very big honey-comb. But the ascent to the top of the tree was
      difficult. One had to cut steps on the trunk of the tree and ascend;
      but that demanded great patience and intelligent work.

      A slender creeper entwined that tree and reached up to a great part
      of the height. It appeared to be strong, though it perilously dangled
      in the air.

      A greedy man, desirous of possessing honey, without much effort,
      began to ascend the tree with the sole help of the creeper. He was
      too lazy to cut steps on the trunk of the tree and thought that the
      creeper was strong enough to take him to the top. When he was a few
      feet above the ground, a violent wind broke the creeper and the man
      fell down and fractured his limbs.

      Similar is the case with those who try to ascend the tree of Yoga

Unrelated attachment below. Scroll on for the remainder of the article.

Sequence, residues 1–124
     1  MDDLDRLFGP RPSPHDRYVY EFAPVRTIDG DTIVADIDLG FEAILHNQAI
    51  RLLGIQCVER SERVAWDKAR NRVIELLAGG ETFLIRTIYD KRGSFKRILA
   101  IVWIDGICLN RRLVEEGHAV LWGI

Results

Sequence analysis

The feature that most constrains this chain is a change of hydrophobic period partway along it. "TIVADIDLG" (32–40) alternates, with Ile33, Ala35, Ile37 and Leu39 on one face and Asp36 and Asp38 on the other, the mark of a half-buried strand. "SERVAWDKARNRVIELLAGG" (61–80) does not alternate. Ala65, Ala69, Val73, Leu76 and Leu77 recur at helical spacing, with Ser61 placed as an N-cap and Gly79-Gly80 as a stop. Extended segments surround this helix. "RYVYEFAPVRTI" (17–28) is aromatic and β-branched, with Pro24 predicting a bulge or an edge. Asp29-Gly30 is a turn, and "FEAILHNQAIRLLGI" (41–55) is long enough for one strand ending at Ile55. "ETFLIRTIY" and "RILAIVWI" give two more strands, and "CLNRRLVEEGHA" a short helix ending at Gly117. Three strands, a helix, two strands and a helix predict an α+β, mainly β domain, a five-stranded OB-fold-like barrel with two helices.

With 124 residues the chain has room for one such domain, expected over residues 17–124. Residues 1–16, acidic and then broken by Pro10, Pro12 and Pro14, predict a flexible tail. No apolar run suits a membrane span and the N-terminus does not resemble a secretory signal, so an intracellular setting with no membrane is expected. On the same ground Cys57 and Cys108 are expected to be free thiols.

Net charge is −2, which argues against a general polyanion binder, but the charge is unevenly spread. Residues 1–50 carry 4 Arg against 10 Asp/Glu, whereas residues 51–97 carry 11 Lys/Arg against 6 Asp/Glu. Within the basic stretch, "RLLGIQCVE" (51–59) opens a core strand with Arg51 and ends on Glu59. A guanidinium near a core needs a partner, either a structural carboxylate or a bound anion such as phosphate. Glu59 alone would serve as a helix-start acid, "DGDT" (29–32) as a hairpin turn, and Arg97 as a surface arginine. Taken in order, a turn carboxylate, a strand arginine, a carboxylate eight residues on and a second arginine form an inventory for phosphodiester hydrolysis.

(Divinity), in order to drink the honey of Moksha, with the help of
      the creeper of Kamya Karmas (actions with selfish motives and
      desires) through short-cut paths. The path of Yoga lies along the
      trunk of the tree of Divinity. You have to improvise steps on it,
      with some effort, which is Sadhana (spiritual practices). You have to
      ascend step by step, starting with Yama, Niyama, Asana, Pranayama,
      Pratyahara, Dharana, Dhyana and then reach the pinnacle of Samadhi.
      There is no short-cut to this. You cannot evade this responsibility.
      If, on the other hand, you climb with the help of Kamya-Karmas,—
      though they, too, appear to be strong,—they will not take you to the
      heights of Yoga. When the wind of selfish desires, greed for the
      things of this world and the pleasures of heaven, blows, this creeper
      of Karma will break and you will have a terrible fall.

      O man! Selfish works will not lead you to the Goal of Yoga. Only
      unselfish works will help you. Sadhana means something much sterner.